For Siobhan-Marie O'Connor, the recent altitude training camp in the United States was just the latest step on her ongoing journey in swimming - and it is a journey she continues to treasure.
O'Connor was one of the 16 athletes to take part in an intense three-week schedule at the Hypo2 High Performance Sport Centre in Flagstaff, Arizona - the eighth such camp of the current Olympic cycle.
The Rio 2016 silver medallist has experienced the altitude work before - "I started going to Flagstaff when I was 15, it's sort of like a home away from home" - although she feels the most recent setup was the best of the lot.
A strong way to start a big year, then.
"It was a really, really good camp, it's such a great group and the facilities there are amazing," said O'Connor, now back in training at the National Centre in Loughborough after returning from Stateside on February 1.
"It's really hard work, but it's the perfect place to train - the pool, the gym, everything is so good up there.
"The group and the environment they've created over the camps is great. This was the eighth of the cycle - I've not done all of them but I've done quite a few, they were really good and this one was probably the best one we've been on. As a whole, the camp just ran so smoothly."
The pool and land-based altitude training in Flagstaff is aimed at providing key physiological boosts for the swimmers as they continue preparing for Olympic trials at the British Championships in April.
But there is much more to the trip than individuals totting up the lengths, as O'Connor points out.
For the Olympic, world and European medallist, the shared experiences both in and out of the water, alongside teammates and support staff, mean so much and provide what she likes to call the "icing on the cake - along with performances".
"There's two parts to it. When you stand up on the block, yes you are the one standing there, but it's a team effort - it takes so many people to make a great athlete perform," she added.
"There is that, and we have some of the best support staff in the world in British Swimming. We are in such a fortunate position that the staff we have working for the team are the best in the world in their field, so that's incredible.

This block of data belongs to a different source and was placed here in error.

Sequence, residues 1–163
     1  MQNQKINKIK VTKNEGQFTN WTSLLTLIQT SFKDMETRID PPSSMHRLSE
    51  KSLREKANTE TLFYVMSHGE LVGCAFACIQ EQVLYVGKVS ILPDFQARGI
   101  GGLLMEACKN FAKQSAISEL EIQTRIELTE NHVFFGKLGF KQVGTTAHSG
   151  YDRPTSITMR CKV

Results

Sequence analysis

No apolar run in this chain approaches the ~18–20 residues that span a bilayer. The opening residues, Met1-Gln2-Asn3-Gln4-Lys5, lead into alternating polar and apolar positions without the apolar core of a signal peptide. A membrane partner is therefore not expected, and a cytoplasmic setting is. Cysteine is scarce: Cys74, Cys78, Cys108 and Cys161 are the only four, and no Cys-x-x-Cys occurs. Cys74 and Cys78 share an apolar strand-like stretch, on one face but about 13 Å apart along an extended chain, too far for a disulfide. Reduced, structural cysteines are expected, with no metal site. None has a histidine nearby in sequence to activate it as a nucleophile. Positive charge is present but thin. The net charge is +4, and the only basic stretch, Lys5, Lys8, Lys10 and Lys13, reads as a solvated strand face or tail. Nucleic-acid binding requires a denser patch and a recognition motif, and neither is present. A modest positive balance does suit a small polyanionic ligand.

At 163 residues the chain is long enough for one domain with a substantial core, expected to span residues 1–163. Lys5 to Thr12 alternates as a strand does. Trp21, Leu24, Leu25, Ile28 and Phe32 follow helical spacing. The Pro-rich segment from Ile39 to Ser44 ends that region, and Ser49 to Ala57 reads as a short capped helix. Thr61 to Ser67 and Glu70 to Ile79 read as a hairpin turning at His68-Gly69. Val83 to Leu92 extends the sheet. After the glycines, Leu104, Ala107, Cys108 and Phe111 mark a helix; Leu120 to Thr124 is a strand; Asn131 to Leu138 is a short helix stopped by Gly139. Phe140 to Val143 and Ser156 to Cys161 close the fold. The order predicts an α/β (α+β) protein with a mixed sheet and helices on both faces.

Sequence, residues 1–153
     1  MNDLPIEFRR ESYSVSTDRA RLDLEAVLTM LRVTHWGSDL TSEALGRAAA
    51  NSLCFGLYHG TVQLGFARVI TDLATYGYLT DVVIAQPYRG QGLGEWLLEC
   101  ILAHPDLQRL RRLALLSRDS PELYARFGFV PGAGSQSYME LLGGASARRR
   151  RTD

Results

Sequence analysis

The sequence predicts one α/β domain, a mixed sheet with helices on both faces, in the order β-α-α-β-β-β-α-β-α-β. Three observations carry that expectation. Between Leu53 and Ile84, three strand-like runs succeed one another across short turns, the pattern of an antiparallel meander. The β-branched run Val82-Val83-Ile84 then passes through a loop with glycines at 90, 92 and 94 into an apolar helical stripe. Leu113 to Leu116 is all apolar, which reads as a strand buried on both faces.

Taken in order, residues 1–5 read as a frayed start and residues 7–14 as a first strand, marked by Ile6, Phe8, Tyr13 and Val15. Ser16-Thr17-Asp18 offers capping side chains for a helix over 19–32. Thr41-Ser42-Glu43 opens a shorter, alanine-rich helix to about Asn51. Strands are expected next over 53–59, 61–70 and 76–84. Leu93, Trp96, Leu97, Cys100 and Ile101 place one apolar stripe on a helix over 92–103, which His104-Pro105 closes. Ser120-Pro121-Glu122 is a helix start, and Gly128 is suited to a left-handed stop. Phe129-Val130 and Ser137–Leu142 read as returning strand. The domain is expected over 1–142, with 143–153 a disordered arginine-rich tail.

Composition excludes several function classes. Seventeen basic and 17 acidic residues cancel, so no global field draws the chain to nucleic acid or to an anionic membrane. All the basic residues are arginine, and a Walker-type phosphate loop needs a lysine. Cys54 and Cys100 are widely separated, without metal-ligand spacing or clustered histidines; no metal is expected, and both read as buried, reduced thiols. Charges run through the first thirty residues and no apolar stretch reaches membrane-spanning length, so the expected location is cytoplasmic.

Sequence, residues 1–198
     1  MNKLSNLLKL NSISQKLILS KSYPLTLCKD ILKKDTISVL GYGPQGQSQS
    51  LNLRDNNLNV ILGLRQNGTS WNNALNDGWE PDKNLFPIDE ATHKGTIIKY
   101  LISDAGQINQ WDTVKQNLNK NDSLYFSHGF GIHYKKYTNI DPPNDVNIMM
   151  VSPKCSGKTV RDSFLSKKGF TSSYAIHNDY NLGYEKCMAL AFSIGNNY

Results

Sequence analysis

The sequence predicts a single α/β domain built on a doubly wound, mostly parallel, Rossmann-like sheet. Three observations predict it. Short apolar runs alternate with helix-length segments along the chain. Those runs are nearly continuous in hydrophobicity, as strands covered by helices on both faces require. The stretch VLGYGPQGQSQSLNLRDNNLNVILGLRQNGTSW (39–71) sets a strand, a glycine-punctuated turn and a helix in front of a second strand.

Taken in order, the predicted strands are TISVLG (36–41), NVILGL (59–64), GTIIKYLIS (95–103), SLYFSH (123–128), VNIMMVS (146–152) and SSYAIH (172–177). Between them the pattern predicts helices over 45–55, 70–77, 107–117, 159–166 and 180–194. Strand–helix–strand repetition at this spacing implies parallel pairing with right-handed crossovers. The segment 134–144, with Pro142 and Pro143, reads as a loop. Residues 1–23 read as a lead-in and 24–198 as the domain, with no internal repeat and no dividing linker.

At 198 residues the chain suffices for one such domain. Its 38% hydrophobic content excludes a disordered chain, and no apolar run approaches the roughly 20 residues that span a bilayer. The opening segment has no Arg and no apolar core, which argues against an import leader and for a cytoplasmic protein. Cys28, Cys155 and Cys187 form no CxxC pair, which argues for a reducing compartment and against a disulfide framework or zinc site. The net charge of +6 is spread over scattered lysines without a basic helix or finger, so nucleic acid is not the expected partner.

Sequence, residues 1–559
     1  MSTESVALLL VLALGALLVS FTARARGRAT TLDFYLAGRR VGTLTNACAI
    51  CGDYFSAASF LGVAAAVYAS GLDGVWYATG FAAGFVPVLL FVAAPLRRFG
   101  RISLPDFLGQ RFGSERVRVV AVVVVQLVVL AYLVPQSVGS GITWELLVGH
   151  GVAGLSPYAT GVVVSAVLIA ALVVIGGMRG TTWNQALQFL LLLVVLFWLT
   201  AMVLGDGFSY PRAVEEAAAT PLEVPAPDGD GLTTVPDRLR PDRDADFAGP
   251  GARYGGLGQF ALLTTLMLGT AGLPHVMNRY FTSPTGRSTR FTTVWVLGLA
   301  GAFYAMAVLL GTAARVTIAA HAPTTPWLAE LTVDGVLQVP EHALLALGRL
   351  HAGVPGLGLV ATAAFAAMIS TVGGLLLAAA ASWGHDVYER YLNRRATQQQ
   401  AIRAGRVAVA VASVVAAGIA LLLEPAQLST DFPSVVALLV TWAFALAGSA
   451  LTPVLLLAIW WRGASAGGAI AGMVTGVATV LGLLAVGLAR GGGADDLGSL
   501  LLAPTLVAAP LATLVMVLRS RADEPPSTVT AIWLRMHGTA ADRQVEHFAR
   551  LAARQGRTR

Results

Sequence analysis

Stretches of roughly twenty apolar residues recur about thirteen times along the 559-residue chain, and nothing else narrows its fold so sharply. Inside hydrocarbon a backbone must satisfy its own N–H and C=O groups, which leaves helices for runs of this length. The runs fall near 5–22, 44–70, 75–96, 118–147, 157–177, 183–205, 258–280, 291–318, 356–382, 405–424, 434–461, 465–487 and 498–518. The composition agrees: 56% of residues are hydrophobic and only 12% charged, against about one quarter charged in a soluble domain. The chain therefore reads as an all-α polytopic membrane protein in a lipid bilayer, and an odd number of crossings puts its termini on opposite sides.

"Then the other part of it is the people you surround yourself with, the friends you make in training and on your team, that's the icing on the cake for the journey.
"It is so much about the journey. That's the one thing I've realised as I've got older, and I posted about it on Instagram the other day, because as I've got older I've realised these are such amazing opportunities.
"It's hard work when you go on camp. It's tough, it's gruelling and you feel like death most of the time, you just feel terrible. But it's actually so much fun when you go away with a group of friends, people you get on with so well, you get to experience these cool things together.
"It is an amazing opportunity, and the people you share it with is the icing on the cake, along with the performances."
The next notable date in O'Connor's swimming calendar comes later this month, when she is set to compete in the McCullagh International meet in Northern Ireland (February 20th-23rd).
That, just like the Flagstaff camp and the Loughborough-based training in between, will be another stint of work set to prepare her and her teammates for April's crucial national event.
"We have got a couple of competitions before trials, to warm up for the trials," she said.
"They are prep competitions. One of them is the meet in Ireland where we're going to be doing morning finals and afternoon heats, which is going to be the layout for the Olympics, should we make it.
"That should be fun, it'll be interesting and really good to get a practice of doing that for if we hopefully qualify.
"It's just about a lot of really hard training, trying to get in the best shape possible for April, because everyone is going to be on their game.
"It's going to be really hard to qualify for the team - but I'm excited about it."
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